Ketamine infusion: What it's like and how it works

Ketamine infusion is a fast-acting therapy for treatment-resistant depression. Here's all you need to know.

Among the psychedelics currently being studied, ketamine’s impact on treatment-resistant depression may be the most dramatic, and ketamine infusion clinics are popping up around the country.

The drug, used as an anesthetic by doctors and vets (and to party by club kids) is a potent and fast-acting antidepressant, outperforming traditional antidepressant medications by a considerable margin. 

Patients with treatment-resistant depression who go on new meds have a 10-20% chance of response, John Krystal, a professor of psychiatry and neuroscience at Yale, previously told Freethink

“Ketamine produces response rates more like 50 to 80%,” Krystal, whose lab discovered its antidepressant potential, said. Those antidepressant effects can first be felt within a few hours of treatment.

That tracks with the experience of Melanie Malloy, clinical director of the Brooklyn Heights clinic of Ember Health, which provides ketamine infusion treatments. Ketamine infusion works for around 82% of Malloy’s patients.

Dope Science is here to explain what ketamine infusion is, what we know about how it works, and how it feels.

Ketamine Infusion: The Basics

What is ketamine infusion therapy? While ketamine can be taken orally, in a nasal spray, or via syringe, the most well-studied method is by IV ketamine infusion. 

Using 24 gauge needles — the small needles are often considered pretty painless, Malloy says — the clinic will administer the ketamine while patients sit in comfortable chairs and relax, often with eye masks and music.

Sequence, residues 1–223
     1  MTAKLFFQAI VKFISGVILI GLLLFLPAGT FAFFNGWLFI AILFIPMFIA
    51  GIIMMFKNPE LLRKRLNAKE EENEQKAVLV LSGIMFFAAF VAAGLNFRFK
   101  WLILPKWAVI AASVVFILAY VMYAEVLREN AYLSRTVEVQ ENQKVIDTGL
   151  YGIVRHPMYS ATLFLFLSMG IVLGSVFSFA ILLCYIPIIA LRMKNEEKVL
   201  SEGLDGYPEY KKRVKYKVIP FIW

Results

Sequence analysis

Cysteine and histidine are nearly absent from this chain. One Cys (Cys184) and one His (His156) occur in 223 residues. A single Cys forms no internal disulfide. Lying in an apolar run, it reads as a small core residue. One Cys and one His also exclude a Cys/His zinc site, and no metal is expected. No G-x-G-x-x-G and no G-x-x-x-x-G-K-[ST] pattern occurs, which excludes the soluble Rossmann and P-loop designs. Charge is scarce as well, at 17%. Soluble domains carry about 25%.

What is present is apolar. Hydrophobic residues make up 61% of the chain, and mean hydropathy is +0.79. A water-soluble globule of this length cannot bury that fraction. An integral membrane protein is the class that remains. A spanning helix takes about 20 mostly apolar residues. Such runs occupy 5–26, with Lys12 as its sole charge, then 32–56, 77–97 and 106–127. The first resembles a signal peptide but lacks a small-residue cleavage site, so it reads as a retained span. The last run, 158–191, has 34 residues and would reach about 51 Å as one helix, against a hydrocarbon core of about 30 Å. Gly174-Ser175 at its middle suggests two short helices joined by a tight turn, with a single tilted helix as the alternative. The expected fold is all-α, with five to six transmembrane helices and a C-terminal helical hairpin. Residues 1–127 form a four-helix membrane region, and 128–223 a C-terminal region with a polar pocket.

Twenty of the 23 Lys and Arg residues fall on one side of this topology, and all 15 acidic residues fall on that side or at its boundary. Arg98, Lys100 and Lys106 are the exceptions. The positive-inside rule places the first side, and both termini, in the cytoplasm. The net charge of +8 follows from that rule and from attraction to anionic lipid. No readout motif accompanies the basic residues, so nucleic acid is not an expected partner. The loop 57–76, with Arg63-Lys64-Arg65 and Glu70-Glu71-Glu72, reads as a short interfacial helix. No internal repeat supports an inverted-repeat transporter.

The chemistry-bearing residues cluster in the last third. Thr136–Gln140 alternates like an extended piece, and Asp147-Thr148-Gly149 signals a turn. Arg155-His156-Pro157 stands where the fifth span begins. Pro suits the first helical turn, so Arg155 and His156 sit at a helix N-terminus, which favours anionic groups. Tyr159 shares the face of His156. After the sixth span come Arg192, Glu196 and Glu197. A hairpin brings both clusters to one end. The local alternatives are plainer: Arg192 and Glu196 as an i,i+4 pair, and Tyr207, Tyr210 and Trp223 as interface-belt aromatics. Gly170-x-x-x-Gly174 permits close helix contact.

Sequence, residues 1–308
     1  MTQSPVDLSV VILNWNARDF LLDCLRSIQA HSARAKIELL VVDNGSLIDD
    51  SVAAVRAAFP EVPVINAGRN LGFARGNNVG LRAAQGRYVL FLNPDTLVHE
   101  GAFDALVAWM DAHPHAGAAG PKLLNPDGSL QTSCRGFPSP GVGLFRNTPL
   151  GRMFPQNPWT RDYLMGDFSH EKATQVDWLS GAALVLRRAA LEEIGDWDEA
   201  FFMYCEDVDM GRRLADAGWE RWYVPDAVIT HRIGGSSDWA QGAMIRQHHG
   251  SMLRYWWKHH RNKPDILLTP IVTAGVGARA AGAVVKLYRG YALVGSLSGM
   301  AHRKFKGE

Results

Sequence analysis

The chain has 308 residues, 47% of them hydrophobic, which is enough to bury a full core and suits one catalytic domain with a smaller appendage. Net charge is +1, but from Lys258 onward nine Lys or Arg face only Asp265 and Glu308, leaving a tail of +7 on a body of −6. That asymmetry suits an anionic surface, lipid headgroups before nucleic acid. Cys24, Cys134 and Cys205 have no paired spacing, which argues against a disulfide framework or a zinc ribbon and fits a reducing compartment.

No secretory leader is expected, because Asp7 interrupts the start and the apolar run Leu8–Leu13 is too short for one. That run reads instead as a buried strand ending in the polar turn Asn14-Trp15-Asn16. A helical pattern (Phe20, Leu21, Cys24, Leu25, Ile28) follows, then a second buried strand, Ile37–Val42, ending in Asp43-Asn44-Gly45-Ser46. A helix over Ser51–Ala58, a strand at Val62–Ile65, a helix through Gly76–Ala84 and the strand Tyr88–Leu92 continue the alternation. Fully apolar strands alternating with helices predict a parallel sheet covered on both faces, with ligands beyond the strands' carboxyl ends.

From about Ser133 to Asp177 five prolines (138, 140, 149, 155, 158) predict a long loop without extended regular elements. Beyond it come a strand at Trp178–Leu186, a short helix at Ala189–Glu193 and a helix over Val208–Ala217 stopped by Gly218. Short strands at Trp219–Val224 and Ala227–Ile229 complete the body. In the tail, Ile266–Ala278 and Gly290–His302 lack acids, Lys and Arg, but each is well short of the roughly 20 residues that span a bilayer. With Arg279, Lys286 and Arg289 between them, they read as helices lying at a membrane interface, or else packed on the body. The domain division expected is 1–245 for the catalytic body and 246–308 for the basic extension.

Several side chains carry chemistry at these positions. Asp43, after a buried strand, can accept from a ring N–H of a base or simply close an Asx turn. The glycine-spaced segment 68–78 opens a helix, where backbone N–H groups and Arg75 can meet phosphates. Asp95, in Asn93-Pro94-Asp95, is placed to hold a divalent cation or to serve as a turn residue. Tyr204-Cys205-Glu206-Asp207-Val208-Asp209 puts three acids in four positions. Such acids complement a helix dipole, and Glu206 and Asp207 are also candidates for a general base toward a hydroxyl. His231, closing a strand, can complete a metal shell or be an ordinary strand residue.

What does ketamine infusion therapy treat? Malloy’s practice is focused on depression, which she says is the best studied application of ketamine infusion therapy. 

The drug is also being studied as a potential treatment for OCD, anxiety, addiction, and chronic pain, DoubleBlind reports.

What is ketamine? Ketamine’s been around since 1962. It was originally formulated as an anesthetic; while well known for being used in animals, ketamine is used for people as well.

The drug is on the World Health Organization’s essential medicines list, a collection of “efficacious, safe, and cost-effective” drugs that the WHO considers essential to fulfilling the minimum needs of a basic healthcare system. 

Ketamine is a potent and fast-acting antidepressant.

That’s because it is considered a relatively safe anesthesia option. Ketamine has a fairly wide margin for error in dosing — something that can be fatal or disabling with other anesthetics. It also does not slow down breathing or blood pressure.

It’s little wonder the drug finds its way onto battlefields.

Ketamine has an unusual side, however; taken in small doses, the drug produces intense and uncanny psychoactive effects — most famously dissociation.